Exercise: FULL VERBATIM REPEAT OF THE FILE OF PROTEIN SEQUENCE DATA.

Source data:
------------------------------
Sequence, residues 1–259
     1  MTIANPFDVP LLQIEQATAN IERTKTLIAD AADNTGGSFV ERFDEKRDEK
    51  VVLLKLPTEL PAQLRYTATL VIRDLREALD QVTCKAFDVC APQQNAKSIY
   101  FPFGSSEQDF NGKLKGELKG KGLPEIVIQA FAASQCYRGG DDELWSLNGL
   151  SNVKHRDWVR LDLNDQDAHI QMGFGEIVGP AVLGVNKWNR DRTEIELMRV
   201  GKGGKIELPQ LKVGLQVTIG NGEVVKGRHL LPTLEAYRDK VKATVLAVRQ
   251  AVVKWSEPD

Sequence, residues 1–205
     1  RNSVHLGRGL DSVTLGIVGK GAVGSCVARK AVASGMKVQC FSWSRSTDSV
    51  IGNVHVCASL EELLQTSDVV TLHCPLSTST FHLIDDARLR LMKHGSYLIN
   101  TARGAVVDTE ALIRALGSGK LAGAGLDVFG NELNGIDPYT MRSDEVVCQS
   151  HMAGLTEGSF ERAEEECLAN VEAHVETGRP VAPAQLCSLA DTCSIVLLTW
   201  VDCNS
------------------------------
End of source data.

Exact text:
Sequence, residues 1–259
     1  MTIANPFDVP LLQIEQATAN IERTKTLIAD AADNTGGSFV ERFDEKRDEK
    51  VVLLKLPTEL PAQLRYTATL VIRDLREALD QVTCKAFDVC APQQNAKSIY
   101  FPFGSSEQDF NGKLKGELKG KGLPEIVIQA FAASQCYRGG DDELWSLNGL
   151  SNVKHRDWVR LDLNDQDAHI QMGFGEIVGP AVLGVNKWNR DRTEIELMRV
   201  GKGGKIELPQ LKVGLQVTIG NGEVVKGRHL LPTLEAYRDK VKATVLAVRQ
   251  AVVKWSEPD

Sequence, residues 1–205
     1  RNSVHLGRGL DSVTLGIVGK GAVGSCVARK AVASGMKVQC FSWSRSTDSV
    51  IGNVHVCASL EELLQTSDVV TLHCPLSTST FHLIDDARLR LMKHGSYLIN
   101  TARGAVVDTE ALIRALGSGK LAGAGLDVFG NELNGIDPYT MRSDEVVCQS
   151  HMAGLTEGSF ERAEEECLAN VEAHVETGRP VAPAQLCSLA DTCSIVLLTW
   201  VDCNS